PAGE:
USWNT star Megan Rapinoe told CNN's David Axelrod that while she is hopeful that she'll be able to compete in the Tokyo Olympics, now set to be held in the summer of 2021, she isn't sure if the games will in fact occur.
"Frankly, I think the Olympics are in doubt next year," she said in an episode of CNN's "The Axe Files" podcast released Monday. "The more I think about it logistically, just bringing everybody together like that with the absence of drug therapies or anything like that just seems difficult.
"Certainly, you want to be able to go out the way that you want to and not sort of be pushed out by a pandemic."
In late March, the 2020 games were postponed until next summer as a result of the global health crisis.
Earlier this week, Rapinoe and fellow U.S. star Alex Morgan appeared on Good Morning America, where they expressed their shock and dismay after a federal judge dismissed the players' arguments that they were systematically underpaid by U.S. Soccer in comparison to the men's national team.
Rapinoe said the judge's ruling was "very disappointing" and "missed the point." Morgan reiterated that they would appeal the decision. Both players were class representatives in the suit.
"This decision was out of left field for us," Morgan said. "I think for both sides it was very unexpected so we will definitely be appealing and moving forward. If anyone knows anything about part this team–we are fighters and we'll continue to fight together for this."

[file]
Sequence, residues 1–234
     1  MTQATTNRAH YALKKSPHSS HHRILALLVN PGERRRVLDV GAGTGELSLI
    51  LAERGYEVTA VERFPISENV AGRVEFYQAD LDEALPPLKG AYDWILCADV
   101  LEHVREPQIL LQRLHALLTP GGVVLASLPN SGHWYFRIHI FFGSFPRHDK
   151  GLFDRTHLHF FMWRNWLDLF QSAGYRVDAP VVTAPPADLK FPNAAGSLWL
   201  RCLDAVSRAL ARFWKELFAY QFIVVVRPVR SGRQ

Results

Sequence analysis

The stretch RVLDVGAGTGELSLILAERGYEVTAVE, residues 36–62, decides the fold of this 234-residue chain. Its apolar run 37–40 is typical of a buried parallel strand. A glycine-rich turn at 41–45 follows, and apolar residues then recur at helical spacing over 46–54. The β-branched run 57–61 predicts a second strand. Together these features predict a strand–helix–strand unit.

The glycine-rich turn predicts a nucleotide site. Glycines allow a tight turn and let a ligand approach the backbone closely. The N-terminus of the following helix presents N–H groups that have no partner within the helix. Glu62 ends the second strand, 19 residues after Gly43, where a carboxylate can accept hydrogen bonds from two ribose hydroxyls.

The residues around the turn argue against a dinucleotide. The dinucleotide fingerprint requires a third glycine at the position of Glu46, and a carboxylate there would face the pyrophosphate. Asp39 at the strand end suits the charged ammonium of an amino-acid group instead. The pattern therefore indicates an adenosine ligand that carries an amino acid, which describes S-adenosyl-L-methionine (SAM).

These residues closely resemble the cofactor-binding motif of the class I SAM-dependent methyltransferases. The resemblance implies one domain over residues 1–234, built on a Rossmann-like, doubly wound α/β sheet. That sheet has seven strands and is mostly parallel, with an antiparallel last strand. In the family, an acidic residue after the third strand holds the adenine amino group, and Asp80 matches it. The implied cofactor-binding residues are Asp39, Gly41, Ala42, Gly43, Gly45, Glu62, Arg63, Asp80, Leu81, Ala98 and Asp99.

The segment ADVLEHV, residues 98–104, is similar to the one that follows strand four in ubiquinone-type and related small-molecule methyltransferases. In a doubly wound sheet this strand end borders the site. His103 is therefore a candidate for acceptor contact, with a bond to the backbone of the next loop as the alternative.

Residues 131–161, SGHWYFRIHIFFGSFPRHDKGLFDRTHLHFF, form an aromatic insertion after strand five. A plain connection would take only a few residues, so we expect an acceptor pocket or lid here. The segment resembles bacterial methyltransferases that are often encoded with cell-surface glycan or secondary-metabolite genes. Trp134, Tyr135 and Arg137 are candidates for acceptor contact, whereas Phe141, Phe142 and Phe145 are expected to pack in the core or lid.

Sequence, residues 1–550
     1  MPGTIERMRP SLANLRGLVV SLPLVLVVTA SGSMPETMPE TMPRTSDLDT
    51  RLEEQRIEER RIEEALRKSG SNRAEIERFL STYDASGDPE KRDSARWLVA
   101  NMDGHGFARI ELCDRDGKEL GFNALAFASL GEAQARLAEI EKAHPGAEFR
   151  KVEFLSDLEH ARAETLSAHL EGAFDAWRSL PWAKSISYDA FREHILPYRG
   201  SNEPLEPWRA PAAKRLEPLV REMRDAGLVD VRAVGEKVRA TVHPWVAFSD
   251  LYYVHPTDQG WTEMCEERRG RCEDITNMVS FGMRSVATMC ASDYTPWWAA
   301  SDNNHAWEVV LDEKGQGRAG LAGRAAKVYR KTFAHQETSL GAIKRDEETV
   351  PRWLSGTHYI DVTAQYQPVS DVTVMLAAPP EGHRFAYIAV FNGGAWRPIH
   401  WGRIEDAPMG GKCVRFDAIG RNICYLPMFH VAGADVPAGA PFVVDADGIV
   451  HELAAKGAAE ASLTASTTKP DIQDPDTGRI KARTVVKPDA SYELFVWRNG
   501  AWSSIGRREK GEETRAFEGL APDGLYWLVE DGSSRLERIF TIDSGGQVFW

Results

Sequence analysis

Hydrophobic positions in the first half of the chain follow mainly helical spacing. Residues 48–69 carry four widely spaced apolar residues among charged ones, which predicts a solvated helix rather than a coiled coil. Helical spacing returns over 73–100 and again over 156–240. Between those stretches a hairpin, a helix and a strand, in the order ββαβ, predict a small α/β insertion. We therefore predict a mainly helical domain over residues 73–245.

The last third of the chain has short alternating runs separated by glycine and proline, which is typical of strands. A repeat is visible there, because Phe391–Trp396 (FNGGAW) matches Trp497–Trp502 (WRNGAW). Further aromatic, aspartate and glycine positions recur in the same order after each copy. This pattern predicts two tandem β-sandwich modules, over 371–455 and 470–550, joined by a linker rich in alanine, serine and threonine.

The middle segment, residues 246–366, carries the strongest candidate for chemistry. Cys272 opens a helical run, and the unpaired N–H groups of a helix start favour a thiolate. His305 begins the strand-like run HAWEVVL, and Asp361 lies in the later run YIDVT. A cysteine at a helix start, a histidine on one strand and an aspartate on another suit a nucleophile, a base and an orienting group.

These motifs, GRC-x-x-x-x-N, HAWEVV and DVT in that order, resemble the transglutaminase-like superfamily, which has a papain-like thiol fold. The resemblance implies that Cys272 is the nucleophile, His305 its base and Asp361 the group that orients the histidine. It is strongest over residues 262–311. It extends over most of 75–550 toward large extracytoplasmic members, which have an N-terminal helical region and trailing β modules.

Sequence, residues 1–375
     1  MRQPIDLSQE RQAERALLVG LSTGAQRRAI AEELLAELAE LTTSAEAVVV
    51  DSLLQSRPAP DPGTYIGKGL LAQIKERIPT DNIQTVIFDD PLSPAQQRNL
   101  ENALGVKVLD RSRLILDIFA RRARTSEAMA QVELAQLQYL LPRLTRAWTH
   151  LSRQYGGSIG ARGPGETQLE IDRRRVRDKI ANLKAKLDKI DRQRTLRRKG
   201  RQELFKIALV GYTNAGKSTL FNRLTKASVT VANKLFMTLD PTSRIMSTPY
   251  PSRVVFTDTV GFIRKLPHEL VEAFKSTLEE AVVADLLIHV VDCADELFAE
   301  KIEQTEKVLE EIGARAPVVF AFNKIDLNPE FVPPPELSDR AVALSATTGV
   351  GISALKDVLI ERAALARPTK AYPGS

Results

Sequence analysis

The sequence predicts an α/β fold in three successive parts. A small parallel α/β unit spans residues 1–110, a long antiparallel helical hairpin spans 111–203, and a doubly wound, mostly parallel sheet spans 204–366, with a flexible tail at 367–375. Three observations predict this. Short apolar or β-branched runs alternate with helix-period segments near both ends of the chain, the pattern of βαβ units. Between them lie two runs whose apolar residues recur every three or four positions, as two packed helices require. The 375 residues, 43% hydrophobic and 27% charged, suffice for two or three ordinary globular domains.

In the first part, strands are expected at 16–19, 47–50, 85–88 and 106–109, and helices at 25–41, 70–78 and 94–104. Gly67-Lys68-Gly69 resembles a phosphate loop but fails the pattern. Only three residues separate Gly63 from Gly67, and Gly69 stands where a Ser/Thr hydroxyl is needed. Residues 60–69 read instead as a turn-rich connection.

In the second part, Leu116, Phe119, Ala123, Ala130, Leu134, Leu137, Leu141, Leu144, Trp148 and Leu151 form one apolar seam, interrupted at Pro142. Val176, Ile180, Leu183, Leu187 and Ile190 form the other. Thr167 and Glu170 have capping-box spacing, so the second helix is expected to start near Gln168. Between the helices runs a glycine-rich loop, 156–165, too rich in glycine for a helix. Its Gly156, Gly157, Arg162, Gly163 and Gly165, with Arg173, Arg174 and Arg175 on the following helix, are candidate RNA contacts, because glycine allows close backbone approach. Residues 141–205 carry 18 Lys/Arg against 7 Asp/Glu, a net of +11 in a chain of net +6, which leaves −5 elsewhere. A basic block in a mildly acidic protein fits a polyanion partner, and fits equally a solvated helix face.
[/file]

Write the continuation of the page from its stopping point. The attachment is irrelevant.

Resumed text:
Last Friday, Judge R. Gary Klausner of the United States District Court for the Central District of California ruled the USWNT players "have not demonstrated a triable issue that WNT players are paid less than MNT players." U.S. Soccer contested that women's players were paid more in total and on a per-game basis than the men's players from 2015 to 2019.
Rapinoe won the Golden Boot and Golden Ball at the 2019 FIFA Women's World Cup in France, and is looking to make her third Olympic team.
"Absolutely right decision, 100 percent agree with it," Rapinoe said when the Tokyo games were postponed. "There's just no way that I can imagine that a convening of that many people—even if you did only athletes—that that was going to be safe."
In December, she was named Sports Illustrated's 2019 Sportsperson of the Year, becoming only the fourth woman in the award's 66-year history to win it unaccompanied.